zen_'s avatar

@Nullo Thanks.

@mammal You lost me at “nonsense.”

mammal's avatar

@mammal seriously, you think it’s ok to strip off and assume the persona of John The Baptist, this stuff happens in India, same thing. Classic clash of cultures.

Jeruba's avatar

Really? I never heard of this particular brand of nuttiness before, but ok. The inventive powers of nutcases beggar the sane imagination. @zen_, you’ve seen it? I don’t doubt your word. It just sounded like a joke to me.

Nullo's avatar

@Jeruba The wackiest part has got to be how they return to normal so easily.

Jeruba's avatar

How come somebody hasn’t made a TV series out of it?

Speaking of which: following the links, I came to the Mean World Syndrome. There I learned this: Individuals who watch television infrequently and adolescents who talk to their parents about reality are claimed to have a more accurate view of the real world than those who do not, and they may be able to more accurately assess their vulnerability to violence. Since I don’t watch TV, I found this cheering. And then I thought—but if that puts a person at odds with consensual reality, does it actually gain them anything, or does it make them a victim of Reality Syndrome?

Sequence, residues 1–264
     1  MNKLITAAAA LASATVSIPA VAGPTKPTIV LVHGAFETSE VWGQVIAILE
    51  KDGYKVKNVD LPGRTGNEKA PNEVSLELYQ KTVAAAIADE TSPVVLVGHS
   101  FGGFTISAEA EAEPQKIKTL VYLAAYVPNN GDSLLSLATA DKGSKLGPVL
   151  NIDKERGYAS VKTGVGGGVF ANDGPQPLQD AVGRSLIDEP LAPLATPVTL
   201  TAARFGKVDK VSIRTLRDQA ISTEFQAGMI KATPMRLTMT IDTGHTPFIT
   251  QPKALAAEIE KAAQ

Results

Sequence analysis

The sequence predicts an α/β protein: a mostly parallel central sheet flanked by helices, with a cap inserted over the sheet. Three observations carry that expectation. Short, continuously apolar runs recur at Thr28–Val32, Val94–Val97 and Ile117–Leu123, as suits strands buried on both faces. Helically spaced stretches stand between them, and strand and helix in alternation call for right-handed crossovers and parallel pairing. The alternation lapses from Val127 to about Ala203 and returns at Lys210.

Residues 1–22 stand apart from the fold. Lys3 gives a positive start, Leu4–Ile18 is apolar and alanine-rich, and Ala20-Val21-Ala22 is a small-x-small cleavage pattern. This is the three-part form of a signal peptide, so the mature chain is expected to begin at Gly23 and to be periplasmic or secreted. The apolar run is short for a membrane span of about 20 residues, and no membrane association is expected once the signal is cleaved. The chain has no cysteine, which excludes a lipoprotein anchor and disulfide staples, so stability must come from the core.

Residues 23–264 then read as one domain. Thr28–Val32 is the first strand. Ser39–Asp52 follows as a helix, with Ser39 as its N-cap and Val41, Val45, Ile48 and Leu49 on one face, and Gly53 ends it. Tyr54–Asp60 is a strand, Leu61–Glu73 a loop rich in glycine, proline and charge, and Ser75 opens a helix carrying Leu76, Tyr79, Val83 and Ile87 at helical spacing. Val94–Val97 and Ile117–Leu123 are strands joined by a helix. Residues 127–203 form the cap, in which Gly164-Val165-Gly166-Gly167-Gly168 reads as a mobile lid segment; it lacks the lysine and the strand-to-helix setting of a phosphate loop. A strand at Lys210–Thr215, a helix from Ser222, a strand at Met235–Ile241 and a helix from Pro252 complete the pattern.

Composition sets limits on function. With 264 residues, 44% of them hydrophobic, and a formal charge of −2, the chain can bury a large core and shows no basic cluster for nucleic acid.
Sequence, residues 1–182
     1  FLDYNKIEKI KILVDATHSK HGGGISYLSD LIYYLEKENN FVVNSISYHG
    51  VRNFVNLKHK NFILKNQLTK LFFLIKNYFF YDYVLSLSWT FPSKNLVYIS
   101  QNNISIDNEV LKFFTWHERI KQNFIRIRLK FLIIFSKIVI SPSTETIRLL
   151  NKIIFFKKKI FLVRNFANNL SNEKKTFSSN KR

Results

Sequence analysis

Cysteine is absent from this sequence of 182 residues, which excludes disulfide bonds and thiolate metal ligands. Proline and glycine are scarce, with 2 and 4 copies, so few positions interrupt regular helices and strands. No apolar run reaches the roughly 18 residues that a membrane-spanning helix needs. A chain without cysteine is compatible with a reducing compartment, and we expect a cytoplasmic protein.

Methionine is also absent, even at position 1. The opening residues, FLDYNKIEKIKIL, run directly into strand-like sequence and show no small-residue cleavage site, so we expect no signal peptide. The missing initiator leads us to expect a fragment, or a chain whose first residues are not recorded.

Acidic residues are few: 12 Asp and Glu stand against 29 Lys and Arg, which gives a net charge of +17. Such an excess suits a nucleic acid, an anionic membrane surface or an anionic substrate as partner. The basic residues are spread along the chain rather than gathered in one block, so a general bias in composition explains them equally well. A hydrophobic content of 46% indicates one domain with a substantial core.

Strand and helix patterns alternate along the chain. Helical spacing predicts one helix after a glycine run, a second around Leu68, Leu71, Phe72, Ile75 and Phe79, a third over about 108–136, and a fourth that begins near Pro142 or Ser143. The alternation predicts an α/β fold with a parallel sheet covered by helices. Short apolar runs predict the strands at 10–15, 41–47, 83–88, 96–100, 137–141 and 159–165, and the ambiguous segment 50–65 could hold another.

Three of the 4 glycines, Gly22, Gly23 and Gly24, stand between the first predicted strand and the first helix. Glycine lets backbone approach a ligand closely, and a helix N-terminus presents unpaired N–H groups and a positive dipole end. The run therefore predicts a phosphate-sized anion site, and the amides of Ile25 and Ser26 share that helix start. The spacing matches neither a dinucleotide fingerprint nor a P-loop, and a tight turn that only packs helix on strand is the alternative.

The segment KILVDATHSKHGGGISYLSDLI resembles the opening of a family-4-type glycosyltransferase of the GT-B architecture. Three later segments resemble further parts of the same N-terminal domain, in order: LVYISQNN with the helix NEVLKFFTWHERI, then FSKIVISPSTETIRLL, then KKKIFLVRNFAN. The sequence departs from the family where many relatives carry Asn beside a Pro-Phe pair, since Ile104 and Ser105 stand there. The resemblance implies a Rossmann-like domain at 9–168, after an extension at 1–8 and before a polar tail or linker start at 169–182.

Nullo's avatar

@Jeruba Either it would be too insulting, or else there wouldn’t be enough story there. Maybe a one-episode feature on the History Channel.

Hawaii_Jake's avatar

In Hawaii, the only thing similar is when tourists get too relaxed on vacation and cry when leaving.

zen_'s avatar

It shouldn’t be taken lightly. I’ve seen two cases, and read about countless others. Some are institutionalized, some remain in a sort of trance-like state for life. It’s psychosis, by all means, but not unlike the feeling of brainwashed helplessness one gets in the cults. But in this case, you’re on your own. Literally.

Jeruba's avatar

Wow. I think it’s amazing that someone could become so completely unhinged overnight just by being in a certain place, no matter how evocative.

zen_'s avatar

@Jeruba When you come visit one day – and see the awesomeness of Jerusalem, and literally walk the via dolorosa, swim the waters and river that Jesus walked on, touch the wall from 5000 years ago – The Temple, The temple; well, you’ll just have to visit. I’m not saying everyone can get it – I’m saying it makes sense that someone with the “right” personality could get it – in Jerusalem. Perhaps Mecca, Medina or even the Taj create cases like this.